RBS and NatWest Allow Flood Victims to Delay Mortgage Repayments
RBS and NatWest customers whose homes were flooded by Storms Ciara and Dennis and continuing wet weather will be given a three-month holiday on their mortgage and loan repayments, Royal Bank of Scotland has announced.
The breathing space will allow customers to “concentrate on getting their homes and businesses back to normal,” the banking group said.
Additionally, affected customers with fixed term savings accounts with the banks will be able to close them without penalty to access cash. They will also be able to apply for a temporary increase in their credit card limits or increased withdrawal limits of up to £500 a day. Any credit card cash advance fees they’ve incurred will be refunded.
The banking group will also offer business customers affected by the severe weather loan repayment holidays, extended overdrafts, interest rate reductions and temporary emergency loans without arrangement fees.
The bank has urged affected customers to contact them, either by phone or by coming into a branch.
Alison Rose, CEO NatWest Bank, said: “We are helping customers and business owners affected by the recent flooding by providing additional credit or access to finance where needed, so they can concentrate on getting their homes or businesses back to normal.
Royal Bank of Scotland, which owns RBS, NatWest and Ulster Bank recently announced it will rebrand itself the NatWest Group later this year. RBS was recently named the worst bank for customer service for the fourth time in a row, based on a poll of banking customers required by the Competitions and Markets Authority (CMA). RBS insisted it is investing in improving customer service, especially in branches.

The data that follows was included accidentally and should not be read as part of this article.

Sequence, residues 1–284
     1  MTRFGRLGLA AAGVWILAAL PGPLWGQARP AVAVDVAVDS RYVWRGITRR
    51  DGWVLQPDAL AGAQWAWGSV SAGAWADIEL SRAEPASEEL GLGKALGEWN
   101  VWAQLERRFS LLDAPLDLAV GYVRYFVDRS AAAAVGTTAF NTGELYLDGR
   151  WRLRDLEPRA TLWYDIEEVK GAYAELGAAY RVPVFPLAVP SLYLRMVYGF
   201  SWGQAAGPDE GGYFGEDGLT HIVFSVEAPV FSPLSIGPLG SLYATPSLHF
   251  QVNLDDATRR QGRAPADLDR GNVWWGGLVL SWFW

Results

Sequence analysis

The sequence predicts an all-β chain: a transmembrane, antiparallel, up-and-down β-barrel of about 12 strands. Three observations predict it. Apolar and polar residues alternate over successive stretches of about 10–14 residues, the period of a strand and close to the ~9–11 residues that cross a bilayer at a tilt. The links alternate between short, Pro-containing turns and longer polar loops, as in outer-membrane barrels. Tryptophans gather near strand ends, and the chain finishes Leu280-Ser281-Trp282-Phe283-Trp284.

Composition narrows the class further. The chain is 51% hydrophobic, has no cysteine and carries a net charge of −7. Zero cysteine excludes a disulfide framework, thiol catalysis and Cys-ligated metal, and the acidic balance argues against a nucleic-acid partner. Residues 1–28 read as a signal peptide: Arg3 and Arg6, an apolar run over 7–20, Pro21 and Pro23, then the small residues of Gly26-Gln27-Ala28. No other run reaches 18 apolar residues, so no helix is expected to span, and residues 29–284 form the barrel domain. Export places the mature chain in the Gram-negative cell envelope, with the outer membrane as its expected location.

Storm Dennis deluged some areas in a month’s worth of rain in just 24 hours, hitting regions already damaged and saturated by Storm Ciara the weekend before and flooding 670 homes.
Continuing rainfall means additional flooding is likely in 120 areas, especially in the West and West Midlands, along the Wye, Severn and lower Avon rivers. The Environment Agency said there were 106 flood warnings in place for England on Thursday morning, including six severe warnings, for communities along the Welsh border.
The government has announced that those severely impacted by the storms will be entitled to benefits, including a financial hardship payment of up to £500 under the Flood Recovery Framework and a three-month holiday on council tax bills.
The government is investing £2.6 billion in flood defences “to make homes more resilient and better protected if flooding happens again,” George Eustice, the environment secretary said.
However, Labour Leader Jeremy Corbyn has criticised the government and especially Boris Johnson’s response to the flooding.
“As the climate crisis deepens, extreme weather conditions will become more frequent and severe. The government’s response has been wholly inadequate and fails to grasp the scale of this crisis,” he said.